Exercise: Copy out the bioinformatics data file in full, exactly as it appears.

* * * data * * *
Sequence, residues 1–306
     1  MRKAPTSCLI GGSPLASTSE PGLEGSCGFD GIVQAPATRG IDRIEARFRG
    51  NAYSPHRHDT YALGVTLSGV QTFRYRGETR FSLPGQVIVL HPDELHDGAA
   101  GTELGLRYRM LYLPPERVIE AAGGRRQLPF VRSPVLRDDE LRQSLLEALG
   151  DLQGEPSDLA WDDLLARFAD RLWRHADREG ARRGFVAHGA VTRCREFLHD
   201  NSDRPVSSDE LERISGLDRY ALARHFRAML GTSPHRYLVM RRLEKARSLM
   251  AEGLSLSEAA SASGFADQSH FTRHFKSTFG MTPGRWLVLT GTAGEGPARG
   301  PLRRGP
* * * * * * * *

Sequence, residues 1–306
     1  MRKAPTSCLI GGSPLASTSE PGLEGSCGFD GIVQAPATRG IDRIEARFRG
    51  NAYSPHRHDT YALGVTLSGV QTFRYRGETR FSLPGQVIVL HPDELHDGAA
   101  GTELGLRYRM LYLPPERVIE AAGGRRQLPF VRSPVLRDDE LRQSLLEALG
   151  DLQGEPSDLA WDDLLARFAD RLWRHADREG ARRGFVAHGA VTRCREFLHD
   201  NSDRPVSSDE LERISGLDRY ALARHFRAML GTSPHRYLVM RRLEKARSLM
   251  AEGLSLSEAA SASGFADQSH FTRHFKSTFG MTPGRWLVLT GTAGEGPARG
   301  PLRRGP